Research Centers


Jeffrey B. Cooper, PhD

The Center for Medical Simulation for Medical Simulation advances patient safety by teaching and study of the actions of healthcare providers and educators using simulation. The provider focus is on crises management and teamwork; instructor training focuses on debriefing and development of a learner-centered approach. Research generally studies provider behavior and instructional methods.

Professor of Anaesthesia, HMS

Executive Director, Center for Medical SimulationResearch Areas

  • Simulation applications, performance assessment, safety

Description of Research

The Center for Medical Simulation is focused on patient safety, using simulation to train healthcare providers to manage critical events and practice good teamwork. Its Institute for Medical Simulation trains simulation educators from around the world to use simulation effectively in their educational and patient safety programs. The research is generally about how best to use simulation for these purposes and to study how providers and change behaviors to minimize the risks of adverse outcomes.

MGH surgery teams participate in simulation surgery

MGH Hotline 4.24.09 A 54-year-old male patient is undergoing the surgical removal of a cancerous lung tumor. The procedure is moving along smoothly until the surgical team encounters unexpected bleeding.

Patient safety with Jeffrey B. Cooper, PhD

MGH Hotline 3.5.10 PATIENT SAFETY and excellent health care quality are at the forefront of every activity throughout the MGH.

Capt. “Sully” visits the MGH

CAPT. C.B. "SULLY" SULLENBERGER – famous for his water landing of U.S. Airways Flight 1549 on the Hudson River in 2009 – made a brief landing in Boston Sept. 23 to learn about local approaches to patient safety. During his visit, which was coordinated by Jeffrey B. Cooper, PhD, executive director of the Center for Medical Simulation (CMS) in Cambridge, Sullenberger stopped by a CMS course for Harvard Medical School anesthesia faculty and then visited the MGH Learning Laboratory with Director James A. Gordon, MD, MPA.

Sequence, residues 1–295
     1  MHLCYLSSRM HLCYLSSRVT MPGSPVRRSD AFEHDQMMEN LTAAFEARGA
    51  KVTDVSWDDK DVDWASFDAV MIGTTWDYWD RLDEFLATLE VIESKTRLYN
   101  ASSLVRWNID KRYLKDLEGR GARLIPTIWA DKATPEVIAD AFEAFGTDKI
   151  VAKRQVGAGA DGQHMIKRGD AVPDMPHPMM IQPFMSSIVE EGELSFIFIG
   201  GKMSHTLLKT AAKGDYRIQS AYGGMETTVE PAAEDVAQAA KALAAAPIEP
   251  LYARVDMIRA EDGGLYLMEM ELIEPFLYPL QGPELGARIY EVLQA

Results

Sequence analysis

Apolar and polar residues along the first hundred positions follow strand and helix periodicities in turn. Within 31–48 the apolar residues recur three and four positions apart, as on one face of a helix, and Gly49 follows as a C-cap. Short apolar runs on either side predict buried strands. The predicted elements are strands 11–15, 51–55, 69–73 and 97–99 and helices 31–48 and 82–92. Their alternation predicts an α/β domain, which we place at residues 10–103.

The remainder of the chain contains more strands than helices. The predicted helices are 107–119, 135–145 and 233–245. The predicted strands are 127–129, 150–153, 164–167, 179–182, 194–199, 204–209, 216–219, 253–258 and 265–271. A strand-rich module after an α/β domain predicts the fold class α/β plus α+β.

Practicing to Practice

The Mass General Learning Laboratory advances simulation as a strategic tool to improve patient safety, enhance the quality of care and even control costs.

Cooper JB, Newbower RS, Long CD, McPeek B.  Preventable anesthesia mishaps - a human factors study.  Anesthesiology 1978;49:399-406

Stevens LM, Cooper, JB, Raemer DB, Schneider RC, Frankel As, Berry WR, Agnihoutri AK.Educational program in crisis management for cardiac surgery teamsincluding high realism simulation. J ThoracCardiovascSurg 2012;1-8 (in press)

Goldhaber-Feibert S, Cooper, JB: Safety in Anesthesia. In: Clinical Anesthesia Procedures of the Massachusetts General Hospital, 8th edition. Dunn P ed. Philadelphia: Lippincott Williams and Wilkins, 2010, p.127-134

Nanji KC and Cooper JB. It is time to use checklists for anesthesia emergencies. (Editorial) Regional Anesthesia and Pain Medicine. 2012;37(1):1-2.

Cooper JB and Longnecker D. Safety and Quality: The guiding principles of patient-centered care. In Longnecker, D, ed. New York: McGraw Hill Medical Publishing, 2012. p. 16-26

Mai ML, Szyld D, Cooper JB. Simulation in pediatric anesthesia.In Pediatric Anesthesia. Cote ed. (in press)

Anesthesia, Critical Care and Pain Medicine

Gray-Bigelow 444
55 Fruit St.
Boston, MA 02114

Phone: 617-726-3030

Public Transportation Access: yes
Disabled Access: yes

For more information, please visit our website.